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Honda's new Insight can boast of one of the best fuel consumption ratings in Canada

With the entry of Honda's latest generation of Insight on to the market earlier this year, the hybrid wars appear to be heating up.

Any manufacturer not putting forward a hybrid vehicle of some type these days risks creating an image problem for themselves, and this former "bridge technology" is clearly here to stay. The Insight, with an under-$25,000 base price, is in the thick of it, and comes with one of the best fuel consumption ratings in Canada.

The majority of Insights will likely see much of their duty in an urban situation; to and from work, schlepping to the mall for groceries, running the kids to hockey practice and so on. But people do go on driving holidays, and if the Insight is going to be regarded as a true rival to the Toyota Prius et al, it's got to be as comfortable on the highway as it is around town.

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I recently took an EX model on a 600-km jaunt - mostly on two-lane back roads and, with a couple of caveats, it did what I asked of it.

It's not a corner-carving Acura TL or BMW 3-Series, but, on the other hand, it spends much less time at gas stations. In fact, we didn't spend any time at all at the pumps; filled it up when we started out and refilled it when we got back. Total distance travelled: 590.6 kilometres; amount of fuel used: 34.16 litres.

This translated into an average fuel economy of about 5.8 L/100 km, according to my calculations, which, I concede, are far from perfect. And I should add that we travelled through every kind of driving condition imaginable, from 120 km/h highway cruising, to stop-and-go city traffic, to multiple elevation changes, to twisty mountain roads. About the only thing we didn't do was take it off-road.

On the highway, the Insight cruises comfortably at around 120 km/h, keeping up easily with traffic. However, reserve power isn't exactly abundant, and overtaking another vehicle - especially a large one - requires a little planning.

After a certain engine speed - usually around 4,500 rpm - there's more noise than motion coming from the power plant, and this is definitely a vehicle that has its limits on the highway.

If you're really concerned with squeezing every drop of fuel economy out of the Insight, you can choose the Economy performance setting, which will definitely help, but at the expense of usable power. It takes most of the fun out of highway cruising and, although we dabbled with it briefly, we ended up staying with the regular setting.

We also tried to drive with all the "leaves" on the dashboard-located driving performance graphic, staying in the "green" via the Eco-Assist coloured background indicator, but, frankly, that got pretty old after a while.

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For most of the trip, we just drove the Insight as one would a conventional automobile and ignored the kaleidoscope of bells and whistles.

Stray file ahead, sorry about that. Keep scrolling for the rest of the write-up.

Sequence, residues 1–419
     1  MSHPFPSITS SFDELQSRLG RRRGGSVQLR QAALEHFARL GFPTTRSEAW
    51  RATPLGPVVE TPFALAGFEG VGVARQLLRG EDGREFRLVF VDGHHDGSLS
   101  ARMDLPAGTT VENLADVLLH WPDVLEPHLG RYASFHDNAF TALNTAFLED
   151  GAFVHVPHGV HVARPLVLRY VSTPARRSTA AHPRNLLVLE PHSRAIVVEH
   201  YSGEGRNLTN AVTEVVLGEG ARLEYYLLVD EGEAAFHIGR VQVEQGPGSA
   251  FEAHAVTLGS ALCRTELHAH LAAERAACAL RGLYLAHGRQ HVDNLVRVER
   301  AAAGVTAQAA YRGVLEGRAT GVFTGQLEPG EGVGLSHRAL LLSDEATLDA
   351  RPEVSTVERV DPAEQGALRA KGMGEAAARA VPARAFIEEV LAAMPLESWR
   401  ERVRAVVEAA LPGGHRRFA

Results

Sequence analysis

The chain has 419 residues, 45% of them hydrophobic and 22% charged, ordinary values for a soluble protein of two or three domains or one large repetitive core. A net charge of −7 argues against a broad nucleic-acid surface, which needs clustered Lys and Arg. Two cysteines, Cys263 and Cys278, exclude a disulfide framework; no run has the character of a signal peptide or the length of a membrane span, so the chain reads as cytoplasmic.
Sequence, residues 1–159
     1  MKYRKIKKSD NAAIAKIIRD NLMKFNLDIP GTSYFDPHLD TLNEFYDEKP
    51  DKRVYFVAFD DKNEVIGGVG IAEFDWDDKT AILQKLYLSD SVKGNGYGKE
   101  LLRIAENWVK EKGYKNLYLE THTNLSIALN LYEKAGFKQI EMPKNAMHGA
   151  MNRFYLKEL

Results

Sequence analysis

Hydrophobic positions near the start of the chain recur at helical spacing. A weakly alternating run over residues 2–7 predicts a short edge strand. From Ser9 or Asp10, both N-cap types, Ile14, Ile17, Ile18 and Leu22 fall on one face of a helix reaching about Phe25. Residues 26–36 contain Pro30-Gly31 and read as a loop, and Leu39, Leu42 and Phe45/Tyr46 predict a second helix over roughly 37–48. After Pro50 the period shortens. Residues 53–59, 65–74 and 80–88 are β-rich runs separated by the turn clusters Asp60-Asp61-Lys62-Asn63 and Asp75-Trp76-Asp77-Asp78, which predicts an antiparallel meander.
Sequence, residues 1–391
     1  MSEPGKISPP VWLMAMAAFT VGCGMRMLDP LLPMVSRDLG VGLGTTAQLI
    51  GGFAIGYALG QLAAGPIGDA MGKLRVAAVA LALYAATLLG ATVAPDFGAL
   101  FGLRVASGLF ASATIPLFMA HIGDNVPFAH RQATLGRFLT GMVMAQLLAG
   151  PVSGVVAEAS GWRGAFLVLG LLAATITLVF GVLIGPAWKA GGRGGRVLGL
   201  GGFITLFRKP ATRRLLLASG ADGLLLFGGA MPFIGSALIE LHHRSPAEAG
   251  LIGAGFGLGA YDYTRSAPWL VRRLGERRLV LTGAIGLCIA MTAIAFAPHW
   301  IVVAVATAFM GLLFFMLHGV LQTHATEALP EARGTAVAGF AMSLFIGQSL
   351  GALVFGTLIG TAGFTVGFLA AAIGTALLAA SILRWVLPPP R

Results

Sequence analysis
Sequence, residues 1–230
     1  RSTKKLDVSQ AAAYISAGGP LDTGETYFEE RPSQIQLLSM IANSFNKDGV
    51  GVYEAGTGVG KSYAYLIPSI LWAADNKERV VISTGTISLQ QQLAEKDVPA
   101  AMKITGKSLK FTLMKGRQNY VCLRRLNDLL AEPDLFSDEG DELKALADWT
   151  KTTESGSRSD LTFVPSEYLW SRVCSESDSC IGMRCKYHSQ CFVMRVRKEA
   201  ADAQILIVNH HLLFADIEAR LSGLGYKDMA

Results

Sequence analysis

The EX version comes with a voice-actuated GPS system, which worked okay until we got on the ferry and drove into uncharted territory. After that, it got sort of discombobulated, and couldn't seem to figure out where we were. When we got to our final destination, it triumphantly informed us that we were there, but we did most of the work ourselves.

Other features separating the EX from the base LX include steering-wheel-mounted shift paddles, which I ended up using quite frequently - especially through the mountains - a vehicle stability assist system with traction control, which I honestly didn't pay much attention to, and steering wheel-mounted audio controls, which I used a lot.

All these extras, plus a few more such as lightweight alloy wheels, illuminated side mirror signal indicators and various interior bits and pieces, add some $3,600 to the price tag and, all things considered, you can probably do without them.

The basic driving experience of the new Insight is the same regardless of trim level, and one-touch-power windows, climate control system, tilt/telescoping steering, cruise control and all the usual modcons come standard on both models.

A few other notes from the trip:

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The front bucket seats proved to be kind of skimpy after we got a few kilometres under our belts. As far as I'm concerned, they need to be a couple of centimetres wider, with better lumbar support.

The Insight makes a surprising amount of racket on the highway - NVH suppression is not one of Honda's strongest areas, it seems, and I've noticed this on Civics and some of the company's other models.

The CVT transmission can be kind of snatchy during low-speed driving - parallel parking and such - and the overall feel of the Insight is not as refined and seamless as the Prius, for example.

On the other hand, the Prius is considerably more expensive and both models offer the best fuel economy numbers in the industry.



Type: Five-passenger hybrid sedan

Base Price: $27,500; as tested, $28,810

Engine: 1.3-litre four-cylinder with integral electric motor

Horsepower/Torque: 98 hp/123 lb-ft

Transmission: CVT

Drive: Front-wheel-drive

Fuel Economy (litres/100 km): 5.0 city/4.6 highway; regular gas

Alternatives: Toyota Prius, Toyota Camry Hybrid, Chevrolet Malibu Hybrid, Saturn Aura Green Line, Ford Fusion Hybrid, Nissan Altima Hybrid


  • Fabulous fuel economy
  • Reasonable sticker price


Don't like

  • Seats needs a redesign
  • Kind of loud on the highway
  • Snatchy transmission
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